The summer season is right around the corner. Longer days, road trips, walks on the beach, or barbecues with family and friends are some of the highlights of the season. This is also the time to incorporate essential oil basics into your summer first-aid protocol. Whether it be a sunburn, a minor scrape, or repelling insects, different essential oils can be used to help ease the not-so-fun side of summer.

Essential oils are extracts obtained from raw plant matter and contain volatile chemical properties that interact with the body in a positive way. Essential oils are introduced to the body primarily through inhalation or topical application and rarely through ingestion. There are over 500 unique essential oils, each having their own natural chemical makeup. It is the chemical composition that is important in each essential oil, as this is what interacts within the body.

Many cultures have documented writings detailing the efficacy of plants in medicinal and spiritual practices. Egyptians, ancient Greeks, and Romans all used plants as tinctures and macerates for internal and external medicine, as well as cleansing the physical and spiritual bodies. Though the method to extract plant essential oils was the not the same back then as it is today, their concept of extracting the heart essence of the plant for their practices was successfully achieved with exceptional results.

A tincture or macerate in ancient times was made by first harvesting and drying the plant. Next, oil, grain or grape alcohol was poured over the dried plant matter. An alcohol base made a tincture, while an oil base was primarily used to make a macerate. Regardless of either method, once the mixture cured for a few weeks, the plant essence was then infused into the alcohol or oil base. Tinctures were used primarily for internal medicinal applications. Macerates were also used for internal application, but were primarily applied topically for cleansing and healing. Today, these same ancient methods are used to make homeopathic remedies such as herbal tinctures and herbal salves made from macerated oils.

The use of plant essences for healing purposes was through accidental discovery in the 1920’s. Lavender oil was found to help the body speed-up the healing process of a burn. Lavender is not only good for any type of burn, it helps to facilitate healing of minor cuts, scrapes, and bruises. The aromatic properties of lavender help relax the mind, which in turn reduces undesirable stress through our brain’s limbic system (the area that processes emotions and behaviors). The naturally occurring chemicals in lavender are well-rounded, supplying emotional and physical support to the body. Lavender essential oil can be paired with another plant powerhouse, aloe gel, to create a more effective blend used to soothe tired or sunburned skin. Lavender is only one of a very small number of essential oils that can be used safely, yet effectively on infants. The smell will help baby to relax and can be used for conditions such as diaper rash.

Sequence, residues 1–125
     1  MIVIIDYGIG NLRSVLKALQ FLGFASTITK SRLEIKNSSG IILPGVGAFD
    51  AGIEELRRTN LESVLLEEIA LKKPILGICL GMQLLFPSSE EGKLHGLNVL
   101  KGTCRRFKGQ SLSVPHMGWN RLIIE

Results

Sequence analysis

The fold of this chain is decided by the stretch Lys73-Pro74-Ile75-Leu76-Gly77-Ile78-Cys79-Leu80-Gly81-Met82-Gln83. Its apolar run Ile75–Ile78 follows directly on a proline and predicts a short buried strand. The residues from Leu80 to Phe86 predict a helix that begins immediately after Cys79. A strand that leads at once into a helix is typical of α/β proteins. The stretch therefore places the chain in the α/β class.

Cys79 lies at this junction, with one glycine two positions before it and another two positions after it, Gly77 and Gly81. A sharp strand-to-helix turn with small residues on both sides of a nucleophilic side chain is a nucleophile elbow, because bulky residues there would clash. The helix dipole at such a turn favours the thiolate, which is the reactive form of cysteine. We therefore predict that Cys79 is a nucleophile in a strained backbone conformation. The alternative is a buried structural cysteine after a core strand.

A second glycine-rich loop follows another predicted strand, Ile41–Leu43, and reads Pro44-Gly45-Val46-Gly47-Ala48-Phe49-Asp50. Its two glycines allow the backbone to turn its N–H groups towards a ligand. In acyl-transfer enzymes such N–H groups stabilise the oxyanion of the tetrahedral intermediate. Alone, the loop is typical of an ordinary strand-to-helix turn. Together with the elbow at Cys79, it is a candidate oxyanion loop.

Peppermint is a hybrid of two plants; spearmint and water mint. The cool crisp flavor of peppermint is familiar to just about everyone, and is widely used as a natural flavoring in many products from oral care products to candies. Peppermint has several medicinal properties, but is well-known for reducing headache pain and feelings of nausea. The herb is a vasodilator, which safely expands vessel or artery walls, offering a rich oxygen supply to the area. Because of this vasodilation, headaches begin to diminish without any side effects. Those prone to motion sickness should consider carrying a bottle of peppermint essential oil. When deeply inhaled, the natural chemical properties, in tandem with the herb’s vasodilation properties, help to alleviate symptoms associated with motion sickness.

One of the most frustrating things about the summer are insects; particularly mosquitos, fleas, ticks and gnats. Plants contain aromatic chemical compounds which serve several distinct purposes; one of them being a pest deterrent. When it comes to naturally repelling insects, one or two essential oils are just not enough. Citronella, cedar wood, geranium, lavender, lemon, eucalyptus, and peppermint are just a few essential oils that can be mixed together and used as a natural insect repellent. Add a combination of essential-oil drops to distilled water in a misting bottle and use outdoors throughout the day to deter pests. Growing some of the plants previously mentioned outdoors will help to deter unwanted insects, and possibly bring honey bees, butterflies, and other necessary insects into the area.


Michael Lausterer is master essential oil therapist and owner of Basic Earth Essentials located in Lewisberry, Pennsylvania. He is also a professional chef and clinical nutritionist.

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Ava Barron-Shasho, MSW